By Shai Hecker, Operations Intern
The game opens up with a Ruy Lopez, 1. e4 e5 2. Nf3 Nc6 3. Bb5. Here Nakamura moves his knight out to attack Carlsen’s pawn on e5. Carlsen fires back by protecting his pawn with his knight. Nakamura then moves out his bishop to B5 putting pressure on Carlsen’s knight, the sole defender of Carlsen’s pawn on e5.
Carlsen then moves a6 applying pressure to Nakamura’s Bishop and Nakamura pulls back with Ba4. Carlsen plays Nf6 and Nakamura Castles. Carlsen then plays Nxe4 taking Nakamura’s pawn. Nakamura follows up with d4. Nakamura is trying to open up the e file as Carlsen’s king is in the open while Nakamura’s own king is safe.
Eventually they get to this position and Nakmura moves c4 applying pressure on the d5 pawn. With the d5 pawn gone the black Knight on e4, which is holding center control, is no longer protected.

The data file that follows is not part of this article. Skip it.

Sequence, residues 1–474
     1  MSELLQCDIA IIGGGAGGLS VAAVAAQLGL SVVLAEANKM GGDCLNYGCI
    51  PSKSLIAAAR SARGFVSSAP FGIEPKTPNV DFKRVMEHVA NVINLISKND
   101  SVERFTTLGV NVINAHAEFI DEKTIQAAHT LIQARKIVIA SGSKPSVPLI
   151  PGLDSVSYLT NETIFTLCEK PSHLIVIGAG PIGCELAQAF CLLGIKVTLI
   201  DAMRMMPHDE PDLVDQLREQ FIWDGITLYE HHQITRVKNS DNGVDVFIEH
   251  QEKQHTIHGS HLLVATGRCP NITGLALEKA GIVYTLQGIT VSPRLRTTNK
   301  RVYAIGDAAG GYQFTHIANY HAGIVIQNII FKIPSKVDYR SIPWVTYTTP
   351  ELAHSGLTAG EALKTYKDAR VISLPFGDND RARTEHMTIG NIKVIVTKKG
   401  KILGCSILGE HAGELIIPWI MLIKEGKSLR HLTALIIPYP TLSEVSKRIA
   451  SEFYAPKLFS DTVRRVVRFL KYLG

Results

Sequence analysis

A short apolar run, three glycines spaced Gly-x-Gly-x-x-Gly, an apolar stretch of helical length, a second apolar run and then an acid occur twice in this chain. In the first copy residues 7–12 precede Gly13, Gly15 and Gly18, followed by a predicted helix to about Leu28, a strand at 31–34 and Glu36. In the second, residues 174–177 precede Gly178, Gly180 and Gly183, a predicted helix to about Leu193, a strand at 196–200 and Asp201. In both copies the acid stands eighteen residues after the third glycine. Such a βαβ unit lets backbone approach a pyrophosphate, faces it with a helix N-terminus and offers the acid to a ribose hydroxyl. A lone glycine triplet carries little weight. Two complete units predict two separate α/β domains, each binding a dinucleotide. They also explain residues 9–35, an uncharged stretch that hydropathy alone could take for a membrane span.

The game continues and we reach a unique position. According to chess commentator and chess Grandmaster, Simon Williams, Magnus then makes an error in his moves with Nb2.
Williams then mentions how great a game Hikaru plays after Magnus makes this move. The game progresses and the players trade queens at one point. Magnus takes the pawn on e5 with his rook and Hikaru follows up brilliantly with Rxa6. If Magnus plays Rxa6 in response Hikaru threatens checkmate because of his pawn on e6.
Unfortunately Magnus is unable to turn this position into a draw and after a few more moves he resigns. Even the best players make mistakes and that is how they learn. At Premier Chess’s camp, students are encouraged to look at the games they lost to learn from their mistakes and to play better next time. If you would like to learn more about our camp and how your child could become a better chess player please click here.